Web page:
The Snow Goose by Paul Gallico
My rating: 5 of 5 stars
Paul Gallico is a man who understood the art of story-telling not from a modern authorly angle, but rather from its more ancient verbal roots. The two simple tales of ‘The Snow Goose’ and ‘The Small Miracle‘ are beautifully crafted literary gems, with the former being about a hunchbacked artist, his relationship with a wounded goose and his act of bravery at Dunkirk and the latter a ‘contemporary fable’ inspired by St. Francis of Assisi about an orphaned boy and his donkey.
In both stories, Gallico’s writing is so simple and poetic that it demands to be read aloud. There are many scenic passages that I delighted in as he brought out the colours of the settings. In ‘The Snow Goose’, the cold, bleak marshy landscape of the Essex coast was brought to life using language reminiscent of watercolour paintings.
“Tidal creeks and estuaries and the crooked, meandering arms of many little rivers whose mouths lap at the edge of the ocean cut through the sodden land that seems to rise and fall and breathe with the recurrence of the daily tides.”
In ‘The Small Miracle’ the rustic ochres and olive greens of Italy give the story a Quixotic flavour as the young protagonist finds himself on the path to Rome which will eventually lead to the Pope, all for the sake of his beloved little donkey.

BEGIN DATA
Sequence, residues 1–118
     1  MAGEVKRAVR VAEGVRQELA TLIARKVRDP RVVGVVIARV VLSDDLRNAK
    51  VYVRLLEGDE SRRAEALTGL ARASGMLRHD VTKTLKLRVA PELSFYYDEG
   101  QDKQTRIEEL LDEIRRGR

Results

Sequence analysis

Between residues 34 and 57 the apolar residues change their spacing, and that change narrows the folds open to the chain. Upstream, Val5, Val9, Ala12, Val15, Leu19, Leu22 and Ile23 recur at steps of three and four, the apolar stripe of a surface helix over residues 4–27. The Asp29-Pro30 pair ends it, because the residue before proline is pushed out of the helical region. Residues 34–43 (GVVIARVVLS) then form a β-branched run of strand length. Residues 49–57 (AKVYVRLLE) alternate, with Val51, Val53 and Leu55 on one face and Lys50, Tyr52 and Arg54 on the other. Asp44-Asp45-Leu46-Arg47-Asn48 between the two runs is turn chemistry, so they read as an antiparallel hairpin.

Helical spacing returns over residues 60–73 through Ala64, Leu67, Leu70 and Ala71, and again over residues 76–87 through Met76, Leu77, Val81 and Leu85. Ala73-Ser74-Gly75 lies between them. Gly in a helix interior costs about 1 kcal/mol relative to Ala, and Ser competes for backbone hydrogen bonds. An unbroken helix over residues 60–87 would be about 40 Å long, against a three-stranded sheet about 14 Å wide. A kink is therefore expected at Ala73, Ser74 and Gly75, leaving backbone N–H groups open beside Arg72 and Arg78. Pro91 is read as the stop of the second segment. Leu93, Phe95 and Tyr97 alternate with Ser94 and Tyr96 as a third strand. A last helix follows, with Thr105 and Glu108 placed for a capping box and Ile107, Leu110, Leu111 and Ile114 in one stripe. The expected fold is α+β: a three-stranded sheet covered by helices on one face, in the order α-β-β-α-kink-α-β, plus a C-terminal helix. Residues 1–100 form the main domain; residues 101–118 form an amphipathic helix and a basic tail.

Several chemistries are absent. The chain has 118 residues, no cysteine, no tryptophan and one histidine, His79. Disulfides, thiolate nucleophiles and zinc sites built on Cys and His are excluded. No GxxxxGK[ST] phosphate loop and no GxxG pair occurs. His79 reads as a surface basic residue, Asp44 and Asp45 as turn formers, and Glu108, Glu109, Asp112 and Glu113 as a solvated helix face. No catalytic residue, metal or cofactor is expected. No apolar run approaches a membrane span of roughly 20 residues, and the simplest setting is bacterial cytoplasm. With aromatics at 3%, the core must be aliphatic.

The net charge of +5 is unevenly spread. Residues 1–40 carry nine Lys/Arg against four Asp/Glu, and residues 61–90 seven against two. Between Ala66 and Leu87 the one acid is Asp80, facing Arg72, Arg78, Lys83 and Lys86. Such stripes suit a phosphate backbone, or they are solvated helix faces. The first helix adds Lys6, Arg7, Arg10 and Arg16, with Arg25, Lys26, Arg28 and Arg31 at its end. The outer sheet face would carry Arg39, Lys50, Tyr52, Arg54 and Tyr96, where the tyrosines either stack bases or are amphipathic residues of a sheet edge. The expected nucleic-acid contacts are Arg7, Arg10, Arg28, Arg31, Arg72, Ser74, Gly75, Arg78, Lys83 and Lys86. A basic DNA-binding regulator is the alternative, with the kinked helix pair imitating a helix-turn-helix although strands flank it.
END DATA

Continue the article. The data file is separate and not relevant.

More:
“Approaching Assisi via the chalky, dusty road that twists its way up Monte Subaiso, now revealing, now concealing the exquisite little town, as it winds its way through olive and cypress groves, you eventually reach a division where your choice lies between an upper and a lower route.”
I find that good and bad writing can be divided by this simple method of ‘sounding out’ a narrative. When you think about it, almost all stories these days are put together in silence. While the plot may be a good one, it is often the author’s ‘inner ear’ that may let him/her down when it comes to setting a rhythm to the work as a whole. The strong flow of the narrative, it’s sure-footed approach to the story and its clear visuals make this an ideal bedtime book for children. The fact that it also highlights the magical bond between humans and animals makes it a very pleasant alternative to some of the other stuff that is currently out there. Before picking this up, I didn’t realise how much I’d missed seeing animals in stories. A lovely read, highly recommended.
This sounds like a great set of stories. The two quotes you chose are beautiful. It sounds like a lovely book for children.
Ohhhhhhhhhhhhhhhhh….this sounds so good…thanks for the review.
I hope you both get to read it sometime, I just know you’ll appreciate it.
You’re welcome 🙂 It was a very, very pleasant little find.
Pinar abla, I love how ur blog is personal and shows a part of who you are. Your knowledge on literature will help me to choose what to read after that.
Hi Feyza! Sorry it took so long to reply. Been unusually busy lately. Thanks for stopping by. Fashion is one of my favourite things too. Ladies like to shop! I’m looking for a nice maxi-dress for summer but can’t find the right one somehow. Maybe you should do a post on it. lol.
Pingback: Mailbox Monday & It’s Monday, What Are You Reading? (25/ 7) « Zee's Wordly Obsessions
Pingback: Looking Back at 2011 | A Year Through Books « Zee's Wordly Obsessions